Corium Brick Cladding simultaneously creates intimacy and openness at the award-winning City Park West project in Chelmsford city centre
Pollard Thomas Edwards (PTE) has completed the first phase of the large mixed-use project Central Chelmsford using Wienerberger’s Corium cladding system supplied by Taylor Maxwell for Genesis Housing Association. Located on a 2.3 hectare-site just opposite the town’s main railway station, the phase is the first of two designed to revitalise and transform a prominent section of the city, formerly occupied by an Anglia Ruskin University campus which had lain derelict for many years.
With such an expansive regeneration site, the plan has been designed to be architecturally diverse and inventive, providing a variety of building forms set out within formal public spaces. Arriving by train, the new urban district is the first thing passengers see of the city. Designed at the crossing of key north-south and east-west pedestrian routes, the development creates important links between the station and Central Park to the south and the civic and arts districts to the east and west. The overall masterplan takes the idea of the public space as a series of rooms, each with a distinct character, purpose and intimacy. Within these spaces, PTE has refurbished three existing buildings, including the conversion of a grade II-listed former Quaker meeting house into commercial and retail units, to create context and a sense of place within the scheme.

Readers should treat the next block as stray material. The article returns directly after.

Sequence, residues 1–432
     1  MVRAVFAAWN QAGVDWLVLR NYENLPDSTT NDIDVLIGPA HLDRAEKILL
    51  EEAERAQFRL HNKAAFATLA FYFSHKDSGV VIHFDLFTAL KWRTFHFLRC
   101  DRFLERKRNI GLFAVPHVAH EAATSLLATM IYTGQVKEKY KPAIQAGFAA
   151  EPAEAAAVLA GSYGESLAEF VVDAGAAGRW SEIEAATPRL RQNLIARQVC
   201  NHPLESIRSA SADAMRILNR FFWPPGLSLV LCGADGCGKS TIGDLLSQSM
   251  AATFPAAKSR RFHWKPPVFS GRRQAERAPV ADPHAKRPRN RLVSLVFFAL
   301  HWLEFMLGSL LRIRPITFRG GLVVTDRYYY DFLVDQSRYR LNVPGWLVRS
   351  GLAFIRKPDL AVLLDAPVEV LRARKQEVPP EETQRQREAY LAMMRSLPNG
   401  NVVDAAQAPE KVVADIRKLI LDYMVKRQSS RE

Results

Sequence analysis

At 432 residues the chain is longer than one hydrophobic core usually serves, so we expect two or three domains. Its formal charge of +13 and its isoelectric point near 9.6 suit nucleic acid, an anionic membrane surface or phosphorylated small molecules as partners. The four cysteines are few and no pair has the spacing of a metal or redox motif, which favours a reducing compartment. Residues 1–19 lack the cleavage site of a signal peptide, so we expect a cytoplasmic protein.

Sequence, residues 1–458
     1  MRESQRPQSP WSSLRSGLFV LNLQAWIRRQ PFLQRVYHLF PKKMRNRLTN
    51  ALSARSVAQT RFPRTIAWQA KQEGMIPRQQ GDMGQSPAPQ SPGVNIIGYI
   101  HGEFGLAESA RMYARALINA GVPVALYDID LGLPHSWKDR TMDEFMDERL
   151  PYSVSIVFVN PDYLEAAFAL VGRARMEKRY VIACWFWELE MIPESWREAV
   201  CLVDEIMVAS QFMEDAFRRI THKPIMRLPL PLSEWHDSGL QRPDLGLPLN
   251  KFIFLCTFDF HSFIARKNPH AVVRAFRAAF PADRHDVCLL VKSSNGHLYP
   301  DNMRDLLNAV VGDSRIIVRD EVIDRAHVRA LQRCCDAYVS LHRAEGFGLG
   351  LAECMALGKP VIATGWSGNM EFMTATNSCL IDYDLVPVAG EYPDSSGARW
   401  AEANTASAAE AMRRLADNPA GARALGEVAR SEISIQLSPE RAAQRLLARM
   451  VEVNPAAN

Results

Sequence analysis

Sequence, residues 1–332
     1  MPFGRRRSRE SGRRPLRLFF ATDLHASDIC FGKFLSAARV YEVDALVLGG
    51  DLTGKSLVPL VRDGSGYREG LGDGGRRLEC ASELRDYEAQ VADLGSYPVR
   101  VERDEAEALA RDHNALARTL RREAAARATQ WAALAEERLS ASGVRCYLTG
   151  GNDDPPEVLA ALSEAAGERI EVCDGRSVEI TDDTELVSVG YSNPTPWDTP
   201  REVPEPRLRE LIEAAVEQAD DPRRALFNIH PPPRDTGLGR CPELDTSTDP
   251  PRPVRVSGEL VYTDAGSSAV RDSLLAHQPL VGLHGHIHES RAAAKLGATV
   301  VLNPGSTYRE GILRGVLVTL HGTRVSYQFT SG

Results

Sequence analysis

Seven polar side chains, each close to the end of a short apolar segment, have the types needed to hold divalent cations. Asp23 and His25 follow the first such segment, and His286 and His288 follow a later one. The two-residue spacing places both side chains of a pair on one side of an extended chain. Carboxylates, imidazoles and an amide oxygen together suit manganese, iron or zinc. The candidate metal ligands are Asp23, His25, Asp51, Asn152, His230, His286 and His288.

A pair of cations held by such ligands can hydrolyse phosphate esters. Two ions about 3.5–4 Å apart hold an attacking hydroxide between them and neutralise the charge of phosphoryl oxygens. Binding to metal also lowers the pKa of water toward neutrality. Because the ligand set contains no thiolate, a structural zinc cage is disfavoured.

The new development, which won the Innovative Use of Brick and Clay Products category at the 2015 BDA Brick Awards, brings new types of housing and jobs to the area. The finished phase consists of 219 mixed-tenure new homes including a 65-unit extra care supported housing facility, retail and commercial accommodation and the eastern regional headquarters for Genesis Housing Association. The majority of the housing is one and two-bedroom flats, but also includes ten three-bed mews houses.
Corium brick cladding, which is exclusively available through Taylor Maxwell in the UK, has been used throughout the development. Taylor Maxwell was brought on board early on to help the architect meet the client’s pressures on cost and speed of delivery.
‘We had been considering a number of materials,’ explains architect Justin Laskin for PTE. ‘But we were convinced by the glazed products available as part of the Corium system. Taylor Maxwell sent us lots of samples and worked hard to meet our requirements. We had about six meetings and visited the Birmingham showroom to finalise colour schemes and layouts.’
The scheme uses a mixture of Corium profiles. At the main public entrance to the site, a space nicknamed ‘the gate’, a curved iridescent grey glazed-brick facade acts as a funnel gathering together a number of converging pedestrian routes. Farther into the development, lower levels are a buff brick, while the upper levels have been constructed in a green-glazed reflective tile hung vertically. The material palette was chosen to create a solid grounding base at street level and a lighter and more playful upper level.
‘Taylor Maxwell were the only company able to create this particular aesthetic,’ Laskin continues. ‘Curves can be very tricky with brick slips.’
The second phase of the scheme is now on site and is expected to complete in 2018.